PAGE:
How come woodpeckers don't get concussions?

How come woodpeckers don't get concussions?

Woody woodpeckers

For about 25 million years, woodpeckers have been slamming their beaks into trees with incredible force – about 1,200 to 1,400 g’s – to reach bugs that they eat. One g is equal to the force of gravity at the Earth’s surface.

Scientists have been learning a lot more about brain injuries like concussions. Especially in the sport of football, where players often hit each other helmet to helmet at high speed, concussions have become a big deal. They not only cause problems like headache, nausea, dizziness and memory loss at the time, but may lead to memory, emotional and thought difficulties later.

It only takes about 60 to 100 g’s to give a human a concussion, much less than a woodpecker pecks. So scientists decided to examine the woodpecker’s brain to see if there was brain damage in woodpeckers similar to that found in humans who have suffered concussions.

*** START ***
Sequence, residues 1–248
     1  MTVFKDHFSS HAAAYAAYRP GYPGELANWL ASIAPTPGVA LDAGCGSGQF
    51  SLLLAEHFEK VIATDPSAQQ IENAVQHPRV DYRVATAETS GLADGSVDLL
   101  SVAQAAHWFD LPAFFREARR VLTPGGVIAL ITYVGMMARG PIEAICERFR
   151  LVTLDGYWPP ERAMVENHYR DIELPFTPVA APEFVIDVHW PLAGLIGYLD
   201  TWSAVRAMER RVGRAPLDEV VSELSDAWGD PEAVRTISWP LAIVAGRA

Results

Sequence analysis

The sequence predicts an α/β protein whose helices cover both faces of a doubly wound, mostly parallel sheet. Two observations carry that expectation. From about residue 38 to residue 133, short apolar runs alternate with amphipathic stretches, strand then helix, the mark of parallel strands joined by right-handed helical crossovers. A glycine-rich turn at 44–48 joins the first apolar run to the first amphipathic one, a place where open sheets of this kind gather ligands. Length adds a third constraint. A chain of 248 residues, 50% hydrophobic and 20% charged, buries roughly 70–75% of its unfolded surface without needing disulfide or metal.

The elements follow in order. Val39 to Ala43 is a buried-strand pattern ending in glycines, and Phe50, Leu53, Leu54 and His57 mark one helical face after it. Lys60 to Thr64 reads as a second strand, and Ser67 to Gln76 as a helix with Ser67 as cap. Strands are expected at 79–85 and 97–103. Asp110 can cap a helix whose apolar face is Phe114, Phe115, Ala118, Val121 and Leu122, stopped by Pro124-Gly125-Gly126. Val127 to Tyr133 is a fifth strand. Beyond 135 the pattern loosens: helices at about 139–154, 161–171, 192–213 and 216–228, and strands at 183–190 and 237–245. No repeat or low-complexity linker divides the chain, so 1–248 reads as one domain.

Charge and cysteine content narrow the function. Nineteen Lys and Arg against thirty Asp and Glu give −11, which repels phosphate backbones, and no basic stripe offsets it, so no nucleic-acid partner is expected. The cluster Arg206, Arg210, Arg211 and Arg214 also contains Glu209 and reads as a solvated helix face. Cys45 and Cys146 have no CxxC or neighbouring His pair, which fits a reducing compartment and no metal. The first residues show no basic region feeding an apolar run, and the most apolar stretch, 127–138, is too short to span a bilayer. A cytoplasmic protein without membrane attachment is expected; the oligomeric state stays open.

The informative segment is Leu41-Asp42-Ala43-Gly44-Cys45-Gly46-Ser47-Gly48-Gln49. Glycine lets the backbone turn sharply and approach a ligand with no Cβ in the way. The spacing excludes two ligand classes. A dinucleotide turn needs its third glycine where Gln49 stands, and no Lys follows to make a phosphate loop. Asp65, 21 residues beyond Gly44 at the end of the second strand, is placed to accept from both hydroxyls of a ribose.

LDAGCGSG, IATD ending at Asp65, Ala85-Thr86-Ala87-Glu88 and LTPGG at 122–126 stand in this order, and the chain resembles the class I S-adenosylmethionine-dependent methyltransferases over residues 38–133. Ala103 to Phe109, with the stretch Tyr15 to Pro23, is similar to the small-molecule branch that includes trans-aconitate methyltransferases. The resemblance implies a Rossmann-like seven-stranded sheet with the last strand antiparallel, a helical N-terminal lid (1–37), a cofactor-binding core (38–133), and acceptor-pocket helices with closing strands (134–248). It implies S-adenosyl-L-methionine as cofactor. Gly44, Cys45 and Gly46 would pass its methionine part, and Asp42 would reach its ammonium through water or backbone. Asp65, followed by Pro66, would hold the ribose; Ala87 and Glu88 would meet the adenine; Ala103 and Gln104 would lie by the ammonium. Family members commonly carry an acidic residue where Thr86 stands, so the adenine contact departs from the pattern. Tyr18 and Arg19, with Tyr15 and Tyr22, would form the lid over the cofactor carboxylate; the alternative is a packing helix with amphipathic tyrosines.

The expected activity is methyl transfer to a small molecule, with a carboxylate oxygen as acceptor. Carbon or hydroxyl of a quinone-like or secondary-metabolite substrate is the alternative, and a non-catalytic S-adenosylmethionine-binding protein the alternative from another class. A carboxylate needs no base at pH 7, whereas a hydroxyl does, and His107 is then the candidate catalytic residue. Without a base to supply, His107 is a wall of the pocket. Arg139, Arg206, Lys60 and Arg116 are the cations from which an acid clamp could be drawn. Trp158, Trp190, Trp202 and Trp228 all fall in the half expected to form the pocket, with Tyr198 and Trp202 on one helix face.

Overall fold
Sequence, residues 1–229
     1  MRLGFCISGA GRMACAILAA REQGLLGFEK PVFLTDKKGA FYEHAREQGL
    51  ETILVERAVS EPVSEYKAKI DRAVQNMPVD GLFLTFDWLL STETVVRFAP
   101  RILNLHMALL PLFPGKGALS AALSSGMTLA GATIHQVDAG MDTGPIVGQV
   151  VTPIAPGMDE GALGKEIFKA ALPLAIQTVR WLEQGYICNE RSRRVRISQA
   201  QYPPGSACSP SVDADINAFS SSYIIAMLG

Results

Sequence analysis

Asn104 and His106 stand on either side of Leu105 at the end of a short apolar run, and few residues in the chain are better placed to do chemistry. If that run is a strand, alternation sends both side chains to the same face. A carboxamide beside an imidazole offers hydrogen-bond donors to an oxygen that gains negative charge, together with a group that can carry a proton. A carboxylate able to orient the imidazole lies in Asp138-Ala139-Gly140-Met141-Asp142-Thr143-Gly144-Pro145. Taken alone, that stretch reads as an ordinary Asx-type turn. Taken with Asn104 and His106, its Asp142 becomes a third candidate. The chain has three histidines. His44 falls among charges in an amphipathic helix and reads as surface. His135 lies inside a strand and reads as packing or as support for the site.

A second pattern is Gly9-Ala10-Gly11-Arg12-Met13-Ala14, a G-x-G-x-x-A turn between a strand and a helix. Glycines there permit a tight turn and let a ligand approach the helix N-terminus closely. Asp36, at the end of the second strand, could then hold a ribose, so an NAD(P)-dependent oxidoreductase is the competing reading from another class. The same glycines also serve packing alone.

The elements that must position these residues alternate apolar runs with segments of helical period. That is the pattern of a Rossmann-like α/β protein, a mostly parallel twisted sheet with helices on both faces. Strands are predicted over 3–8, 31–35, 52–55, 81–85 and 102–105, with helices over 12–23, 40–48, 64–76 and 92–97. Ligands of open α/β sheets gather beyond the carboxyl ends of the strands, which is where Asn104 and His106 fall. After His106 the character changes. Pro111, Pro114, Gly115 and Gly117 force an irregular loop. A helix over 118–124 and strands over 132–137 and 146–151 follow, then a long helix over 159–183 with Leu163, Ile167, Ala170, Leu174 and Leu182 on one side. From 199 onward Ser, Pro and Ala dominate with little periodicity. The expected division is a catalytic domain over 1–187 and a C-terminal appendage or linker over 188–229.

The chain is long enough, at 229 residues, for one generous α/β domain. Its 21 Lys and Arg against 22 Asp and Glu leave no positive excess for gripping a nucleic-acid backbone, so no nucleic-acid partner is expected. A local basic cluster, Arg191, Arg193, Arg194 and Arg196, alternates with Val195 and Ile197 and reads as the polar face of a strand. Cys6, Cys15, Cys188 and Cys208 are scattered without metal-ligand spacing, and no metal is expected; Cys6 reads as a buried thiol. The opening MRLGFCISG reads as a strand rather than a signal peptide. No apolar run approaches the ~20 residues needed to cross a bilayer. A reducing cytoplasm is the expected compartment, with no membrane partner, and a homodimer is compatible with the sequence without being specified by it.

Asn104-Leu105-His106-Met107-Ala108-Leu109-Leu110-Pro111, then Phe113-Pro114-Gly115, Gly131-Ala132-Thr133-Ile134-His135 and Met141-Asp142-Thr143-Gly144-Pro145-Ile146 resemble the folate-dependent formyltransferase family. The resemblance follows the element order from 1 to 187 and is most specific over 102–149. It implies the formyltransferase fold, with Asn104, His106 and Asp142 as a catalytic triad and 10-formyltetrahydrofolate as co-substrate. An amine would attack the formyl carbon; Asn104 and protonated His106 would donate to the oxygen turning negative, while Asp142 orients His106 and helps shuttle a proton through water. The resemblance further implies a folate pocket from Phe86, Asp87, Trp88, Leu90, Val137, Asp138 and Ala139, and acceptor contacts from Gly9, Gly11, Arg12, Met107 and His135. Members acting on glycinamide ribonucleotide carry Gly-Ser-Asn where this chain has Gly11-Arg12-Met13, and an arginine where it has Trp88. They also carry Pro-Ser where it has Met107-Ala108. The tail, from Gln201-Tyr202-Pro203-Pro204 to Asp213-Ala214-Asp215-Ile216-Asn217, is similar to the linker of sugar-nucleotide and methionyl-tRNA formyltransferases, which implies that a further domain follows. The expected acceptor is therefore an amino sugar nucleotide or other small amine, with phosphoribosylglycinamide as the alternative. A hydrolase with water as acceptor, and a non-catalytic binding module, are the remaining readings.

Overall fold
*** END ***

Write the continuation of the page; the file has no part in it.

"The basic cells of the brain are neurons, which are the cell bodies, and axons, which are like telephone lines that communicate between the neurons,” explained George Farah, who worked on the study as a graduate student at the Boston University School of Medicine. “The tau protein wraps around the telephone lines – it gives them protection and stability while still letting them remain flexible."

Having some tau proteins is good, but too much can upset communication from one brain cell to another.

So the scientists decided to cut thin slices of preserved woodpecker brains to see if they suffered the same tau increase that humans who have had concussions show. The result?

"We can't say that these woodpeckers definitely sustained brain injuries, but there is extra tau present in the woodpecker brains, which previous research has discovered is indicative of brain injury," Farah said.

If tau buildup was a bad thing, why over the course of 25 million years as woodpeckers evolved wouldn’t nature have figured out some way to protect them from brain injury? Maybe nature did. Maybe the tau in woodpeckers is protective and not bad. Sometimes science answers one question with another one or two.

— Brett French,


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